- Letter of Inquiry - a letter of inquiry is a general presentation of a project idea, designed to elicit feedback from a potential sponsor. As in telephone inquiries or sponsor visits, no commitments should be made. Although no formal approval or sign-off is required, Principal Investigators are strongly encouraged to forward a copy of such correspondence to an OSP Grant and Contract Administrator.
- Letter of Intent - A letter of intent expresses the intention to submit a proposal in response to a particular program announcement or a Request for Proposal. Letters of intent are generally solicited by the sponsor in conjunction with announcements expected to generate widespread interest. Sponsors generally require that such letters present only a general statement of the intended project theme. If the letter of intent contains budget estimates or ranges, it must be reviewed and approved by OSP prior to submission.
Preliminary proposals, like letters of intent, are often solicited by sponsors. A preliminary proposal usually includes a one- to five-page description of the project. If a sponsor requires an outline budget or an indication of the Smithsonian’s willingness to support the project through commitment of resources (personnel, space, or equipment), the preliminary proposal must be cleared and approved as a full proposal prior to submission. The proposal is reviewed by OSP after the supervisor and unit director endorsements are obtained.
Prior to contacting a non-government sponsor, a Principle Investigator must first consult with OSP or a development officer (either the central or a unit development office) for clearance.
PROPOSAL PREPARATION RESPONSIBILITIES
In developing and preparing a proposal, the Principal Investigator works with OSP staff to ensure that a complete application, consistent with both sponsor and Smithsonian policies and procedures, is submitted to the sponsor. Both the Principal Investigator and OSP have responsibilities they must each uphold.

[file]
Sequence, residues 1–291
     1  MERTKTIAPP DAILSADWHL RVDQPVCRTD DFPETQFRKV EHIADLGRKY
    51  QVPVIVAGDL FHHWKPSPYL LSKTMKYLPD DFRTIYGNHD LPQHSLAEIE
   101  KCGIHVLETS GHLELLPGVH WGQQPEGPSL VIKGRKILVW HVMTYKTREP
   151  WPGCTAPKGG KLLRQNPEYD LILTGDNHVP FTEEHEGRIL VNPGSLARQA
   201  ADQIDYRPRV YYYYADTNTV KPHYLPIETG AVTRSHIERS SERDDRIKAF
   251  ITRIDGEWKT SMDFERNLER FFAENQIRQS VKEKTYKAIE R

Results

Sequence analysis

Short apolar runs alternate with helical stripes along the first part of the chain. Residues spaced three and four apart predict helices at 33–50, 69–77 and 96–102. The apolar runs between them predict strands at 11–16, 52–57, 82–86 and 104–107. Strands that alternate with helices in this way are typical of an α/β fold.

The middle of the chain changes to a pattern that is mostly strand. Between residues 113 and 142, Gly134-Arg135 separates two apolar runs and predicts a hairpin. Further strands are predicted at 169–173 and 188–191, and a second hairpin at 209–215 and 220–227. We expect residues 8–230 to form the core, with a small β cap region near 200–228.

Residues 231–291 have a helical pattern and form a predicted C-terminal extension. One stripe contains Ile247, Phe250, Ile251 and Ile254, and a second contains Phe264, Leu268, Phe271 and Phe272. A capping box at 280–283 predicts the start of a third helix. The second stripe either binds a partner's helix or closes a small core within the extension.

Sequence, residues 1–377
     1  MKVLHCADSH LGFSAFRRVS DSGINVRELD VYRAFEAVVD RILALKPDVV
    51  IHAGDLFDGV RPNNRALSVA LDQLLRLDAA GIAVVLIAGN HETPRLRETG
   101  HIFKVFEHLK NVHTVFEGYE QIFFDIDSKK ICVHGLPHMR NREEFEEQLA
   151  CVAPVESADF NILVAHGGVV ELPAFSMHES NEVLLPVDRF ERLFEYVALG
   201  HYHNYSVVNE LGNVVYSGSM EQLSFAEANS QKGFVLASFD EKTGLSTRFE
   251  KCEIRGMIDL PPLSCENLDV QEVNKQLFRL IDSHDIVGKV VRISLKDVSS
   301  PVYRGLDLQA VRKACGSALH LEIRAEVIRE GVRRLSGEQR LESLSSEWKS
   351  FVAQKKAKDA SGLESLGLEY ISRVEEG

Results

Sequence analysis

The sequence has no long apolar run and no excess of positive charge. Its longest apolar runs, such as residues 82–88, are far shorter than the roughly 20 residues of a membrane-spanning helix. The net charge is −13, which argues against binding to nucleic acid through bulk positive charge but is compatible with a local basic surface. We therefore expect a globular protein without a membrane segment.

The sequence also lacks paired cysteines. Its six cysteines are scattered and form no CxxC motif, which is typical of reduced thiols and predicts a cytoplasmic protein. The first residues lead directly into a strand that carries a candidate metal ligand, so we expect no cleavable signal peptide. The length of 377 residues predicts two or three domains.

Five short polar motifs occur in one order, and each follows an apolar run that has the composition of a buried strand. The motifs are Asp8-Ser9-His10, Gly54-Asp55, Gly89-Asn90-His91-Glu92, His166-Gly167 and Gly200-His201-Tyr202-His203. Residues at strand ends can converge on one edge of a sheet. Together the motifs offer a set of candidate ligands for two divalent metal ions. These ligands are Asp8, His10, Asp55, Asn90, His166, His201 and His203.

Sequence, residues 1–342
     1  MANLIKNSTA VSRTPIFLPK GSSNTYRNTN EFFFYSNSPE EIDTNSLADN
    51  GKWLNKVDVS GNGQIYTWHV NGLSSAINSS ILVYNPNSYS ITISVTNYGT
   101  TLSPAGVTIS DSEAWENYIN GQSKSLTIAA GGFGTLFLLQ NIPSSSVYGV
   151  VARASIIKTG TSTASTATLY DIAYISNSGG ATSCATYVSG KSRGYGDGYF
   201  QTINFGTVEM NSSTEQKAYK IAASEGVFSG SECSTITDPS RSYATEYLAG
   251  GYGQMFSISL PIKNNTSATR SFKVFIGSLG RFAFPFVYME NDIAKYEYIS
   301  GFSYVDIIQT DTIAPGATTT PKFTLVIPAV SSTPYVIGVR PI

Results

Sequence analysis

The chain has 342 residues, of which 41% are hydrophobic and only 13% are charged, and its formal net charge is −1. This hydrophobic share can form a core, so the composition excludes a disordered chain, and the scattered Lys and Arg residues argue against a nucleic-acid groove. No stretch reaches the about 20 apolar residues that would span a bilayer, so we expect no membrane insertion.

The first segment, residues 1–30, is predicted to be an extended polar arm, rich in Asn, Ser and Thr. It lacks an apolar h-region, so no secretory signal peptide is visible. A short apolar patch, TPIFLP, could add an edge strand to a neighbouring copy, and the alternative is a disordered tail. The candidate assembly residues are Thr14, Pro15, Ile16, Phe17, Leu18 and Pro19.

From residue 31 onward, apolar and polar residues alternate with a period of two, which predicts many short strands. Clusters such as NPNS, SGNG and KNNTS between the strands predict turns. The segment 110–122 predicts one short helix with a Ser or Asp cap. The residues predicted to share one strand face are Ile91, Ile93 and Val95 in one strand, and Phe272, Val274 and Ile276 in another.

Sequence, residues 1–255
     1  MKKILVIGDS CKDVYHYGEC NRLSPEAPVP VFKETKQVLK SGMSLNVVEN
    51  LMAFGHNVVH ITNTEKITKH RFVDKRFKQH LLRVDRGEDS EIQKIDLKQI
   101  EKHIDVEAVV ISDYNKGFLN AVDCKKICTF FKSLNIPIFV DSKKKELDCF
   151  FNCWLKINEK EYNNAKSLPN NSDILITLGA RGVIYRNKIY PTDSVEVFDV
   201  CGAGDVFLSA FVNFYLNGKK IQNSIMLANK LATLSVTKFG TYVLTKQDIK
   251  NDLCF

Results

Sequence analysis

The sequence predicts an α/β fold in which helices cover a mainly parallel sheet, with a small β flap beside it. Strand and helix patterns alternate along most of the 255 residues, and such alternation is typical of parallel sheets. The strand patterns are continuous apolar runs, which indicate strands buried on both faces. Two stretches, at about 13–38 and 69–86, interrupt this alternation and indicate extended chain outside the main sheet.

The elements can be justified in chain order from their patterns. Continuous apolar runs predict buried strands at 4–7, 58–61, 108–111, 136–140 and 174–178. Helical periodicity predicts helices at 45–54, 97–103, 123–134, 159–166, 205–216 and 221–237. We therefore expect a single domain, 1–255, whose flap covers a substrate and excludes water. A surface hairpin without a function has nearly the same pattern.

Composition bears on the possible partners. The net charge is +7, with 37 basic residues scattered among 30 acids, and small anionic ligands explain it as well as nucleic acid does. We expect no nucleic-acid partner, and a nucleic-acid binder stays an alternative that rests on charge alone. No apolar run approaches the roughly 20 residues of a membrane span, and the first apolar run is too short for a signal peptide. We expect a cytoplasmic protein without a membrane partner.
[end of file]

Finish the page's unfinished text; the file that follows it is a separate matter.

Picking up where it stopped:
Responsibilities of Principal Investigator
The Principal Investigator must fulfill the following requirements:
- Contact his/her supervisor to obtain informal approval and support for the project. Issues of constraints on staff time and availability of adequate space and facilities are resolved at this time.
- Contact OSP at early stages of project conceptualization.
- Write the technical narrative.
- Draft a budget that lists all costs for the project, including both direct and indirect costs, and place costs in Smithsonian accounting categories (with guidance from OSP staff or unit Fund Managers).
- Allow sufficient time for institutional review and approval.
- Secure approval of relevant compliance committees (for example, for use of animals) with assistance of OSP staff.
- Notify OSP of involvement with hazardous/radioactive materials, recombinant DNA, or other items requiring internal review and approval, as listed in Chapter Six of this Guide.
- Complete the Proposal Submission Checklist for Principal Investigators found in Appendix V on OSP’s website.
Responsibilities of Office of Sponsored Projects
Additionally, the Office of Sponsored Projects has the following responsibilities:
- Assist in identifying possible funding sources.
- Finalize budgets within appropriate guidelines.
- Coordinate with other financial and administrative offices, as necessary.
- Complete proposal forms required by the Smithsonian and sponsor.
- Coordinate Smithsonian proposal review process, securing necessary approvals and signatures.
TECHNICAL PROPOSAL PREPARATION
When preparing a technical proposal, the PI should keep in mind the following goals and format.